This week's BOTW isn't one bird, but two! Red-winged blackbirds and Common grackles are two of the earliest returning migratory birds to our area and serve as signs of spring.
Perhaps the most abundant bird in North America, the Red-winged blackbird is one the the earliest returning migratory birds in our area. After spending the winter in the southern part of the United States, they arrive back here in Reading from the end of February through early March. Saturday (Feb.26th), I observed a flock of 11 Red-winged blackbirds, with several of them singing.
The Red-winged blackbird is a medium-sized songbird that has a moderately long, slender bill and a medium length tail. The male is black with a bright red to reddish-orange patch on it's wings. The female is totally different appearance, looking a lot like a large, dark sparrow. It's song is a harsh, gurgling trill described as "kon-ka-reee".
Red-winged blackbirds breed in a variety of wetland and grassy areas, including swamps, marshes, meadows, and fields. The male Red-winged blackbird flashes and displays the red patches (epaulets) on it's wings to attract a mate. The males vigorously defend their territory, chasing any birds that comes into it, trying to drive them away.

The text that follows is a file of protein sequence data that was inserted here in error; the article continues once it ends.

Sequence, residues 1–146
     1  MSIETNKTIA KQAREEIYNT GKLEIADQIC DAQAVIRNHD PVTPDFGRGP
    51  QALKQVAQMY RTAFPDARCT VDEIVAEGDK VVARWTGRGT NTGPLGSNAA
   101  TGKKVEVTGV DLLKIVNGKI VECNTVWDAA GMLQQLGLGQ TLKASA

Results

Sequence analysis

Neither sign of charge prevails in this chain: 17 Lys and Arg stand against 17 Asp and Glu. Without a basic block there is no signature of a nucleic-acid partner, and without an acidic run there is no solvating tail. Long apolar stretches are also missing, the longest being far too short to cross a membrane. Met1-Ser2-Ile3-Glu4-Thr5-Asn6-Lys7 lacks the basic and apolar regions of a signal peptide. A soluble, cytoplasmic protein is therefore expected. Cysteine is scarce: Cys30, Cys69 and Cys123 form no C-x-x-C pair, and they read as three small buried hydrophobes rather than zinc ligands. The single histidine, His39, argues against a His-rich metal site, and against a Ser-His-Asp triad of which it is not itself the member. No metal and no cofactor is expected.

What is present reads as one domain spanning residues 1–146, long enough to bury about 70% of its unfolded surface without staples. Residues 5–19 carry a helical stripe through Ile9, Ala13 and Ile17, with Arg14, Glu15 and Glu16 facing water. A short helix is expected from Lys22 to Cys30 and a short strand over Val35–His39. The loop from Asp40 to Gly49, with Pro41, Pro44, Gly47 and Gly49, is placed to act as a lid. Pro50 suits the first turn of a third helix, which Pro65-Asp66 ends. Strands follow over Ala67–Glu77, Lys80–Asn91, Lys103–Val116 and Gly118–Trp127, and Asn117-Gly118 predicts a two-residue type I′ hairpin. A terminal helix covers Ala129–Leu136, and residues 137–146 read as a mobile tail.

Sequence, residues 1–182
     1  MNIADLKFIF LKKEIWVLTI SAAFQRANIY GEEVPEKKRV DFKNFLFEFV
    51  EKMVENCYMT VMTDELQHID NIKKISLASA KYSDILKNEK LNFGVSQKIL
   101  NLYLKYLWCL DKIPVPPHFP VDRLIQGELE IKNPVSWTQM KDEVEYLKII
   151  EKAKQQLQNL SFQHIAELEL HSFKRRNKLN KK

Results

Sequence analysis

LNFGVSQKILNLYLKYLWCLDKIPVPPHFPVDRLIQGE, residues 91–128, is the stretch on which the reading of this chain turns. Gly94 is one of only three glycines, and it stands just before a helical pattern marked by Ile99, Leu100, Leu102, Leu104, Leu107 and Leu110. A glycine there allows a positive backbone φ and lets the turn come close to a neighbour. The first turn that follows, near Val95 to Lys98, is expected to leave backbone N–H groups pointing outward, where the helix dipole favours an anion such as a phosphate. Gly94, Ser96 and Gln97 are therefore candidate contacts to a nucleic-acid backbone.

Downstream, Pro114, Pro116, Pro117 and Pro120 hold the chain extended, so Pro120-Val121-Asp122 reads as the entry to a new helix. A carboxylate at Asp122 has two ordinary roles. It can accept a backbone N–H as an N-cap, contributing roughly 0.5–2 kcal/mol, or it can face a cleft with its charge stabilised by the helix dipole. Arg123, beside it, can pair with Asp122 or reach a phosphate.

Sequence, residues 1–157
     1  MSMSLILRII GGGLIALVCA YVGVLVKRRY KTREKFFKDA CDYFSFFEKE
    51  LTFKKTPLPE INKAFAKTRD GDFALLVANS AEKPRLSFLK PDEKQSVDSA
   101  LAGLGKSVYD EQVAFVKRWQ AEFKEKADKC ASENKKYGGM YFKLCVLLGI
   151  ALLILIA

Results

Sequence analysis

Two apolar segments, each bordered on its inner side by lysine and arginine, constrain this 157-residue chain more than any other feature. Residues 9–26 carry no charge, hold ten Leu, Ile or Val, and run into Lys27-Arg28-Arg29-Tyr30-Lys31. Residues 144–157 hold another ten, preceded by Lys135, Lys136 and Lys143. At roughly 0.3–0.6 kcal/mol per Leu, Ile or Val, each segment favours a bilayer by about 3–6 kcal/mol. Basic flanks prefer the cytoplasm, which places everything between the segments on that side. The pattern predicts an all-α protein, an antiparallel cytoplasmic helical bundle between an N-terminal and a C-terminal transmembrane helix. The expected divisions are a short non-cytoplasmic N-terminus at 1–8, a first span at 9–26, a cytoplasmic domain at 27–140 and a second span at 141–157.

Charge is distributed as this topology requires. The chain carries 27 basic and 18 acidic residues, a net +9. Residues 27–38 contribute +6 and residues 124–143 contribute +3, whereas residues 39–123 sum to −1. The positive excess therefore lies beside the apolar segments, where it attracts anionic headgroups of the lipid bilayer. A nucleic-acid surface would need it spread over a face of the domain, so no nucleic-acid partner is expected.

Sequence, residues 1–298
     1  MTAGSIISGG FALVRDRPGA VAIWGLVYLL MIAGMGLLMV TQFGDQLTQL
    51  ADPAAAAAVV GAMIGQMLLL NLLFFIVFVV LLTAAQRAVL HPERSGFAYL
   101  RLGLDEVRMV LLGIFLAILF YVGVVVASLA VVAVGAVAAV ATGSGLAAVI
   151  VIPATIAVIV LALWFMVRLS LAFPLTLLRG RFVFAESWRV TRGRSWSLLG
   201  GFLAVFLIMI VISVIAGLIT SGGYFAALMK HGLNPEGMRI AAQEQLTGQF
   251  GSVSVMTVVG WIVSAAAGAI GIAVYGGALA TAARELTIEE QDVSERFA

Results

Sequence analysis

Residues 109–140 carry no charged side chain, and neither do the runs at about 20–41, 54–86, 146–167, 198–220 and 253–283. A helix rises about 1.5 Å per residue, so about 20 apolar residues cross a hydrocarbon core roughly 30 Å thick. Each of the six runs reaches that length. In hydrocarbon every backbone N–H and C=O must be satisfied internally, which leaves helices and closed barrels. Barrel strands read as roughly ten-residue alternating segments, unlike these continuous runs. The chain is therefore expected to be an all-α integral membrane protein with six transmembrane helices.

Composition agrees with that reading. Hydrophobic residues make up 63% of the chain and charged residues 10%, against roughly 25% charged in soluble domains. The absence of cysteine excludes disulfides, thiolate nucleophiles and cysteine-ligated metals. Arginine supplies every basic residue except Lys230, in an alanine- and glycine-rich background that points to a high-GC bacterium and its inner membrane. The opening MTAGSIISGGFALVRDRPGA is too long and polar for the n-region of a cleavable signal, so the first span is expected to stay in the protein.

About 75% of the Red-winged Blackbird diet is seeds. During the breeding season, they also eat insects, especially dragonflies, mayflies, and caddis flies as they emerge from their aquatic larval stage. In winter, grain is an important source of food, and many birds feed on corn stubble and at feedlots.
The Common grackle is a large blackbird, approximately 12 inches long with a wingspan of about 16 inches. It is an iridescent black all over with a long tail that looks keel-like in flight. It's eyes are yellow and it has a fairly long, black bill. The head, neck, and breast are a glossy, purplish-green or blue. The female is slightly smaller and less glossy than the male. It's song is a harsh, unmusical "readle-eak," like a rusty gate.
It spends the winter in southern United States and is one of the earliest returning migrant birds, often returning in March along with flocks of Red-winged blackbirds. It forages (eats) on ground, often in large flocks with other blackbirds where it will eat insects, other invertebrates, grain, seeds, acorns, and fruit. The Common Grackle is an opportunistic forager (hunter of food), taking advantage of whatever food sources it can find. It will follow plows for invertebrates and mice, wade into water to catch small fish, and sometimes kill and eat other birds at bird feeders.
The Common grackle breeds in much of central and eastern United States and Canada, living in a variety of open areas with scattered trees, including open woodland, boreal forest, swamps, marshes, agricultural areas, urban residential areas, and parks.
Photos from All About Birds and USGS.gov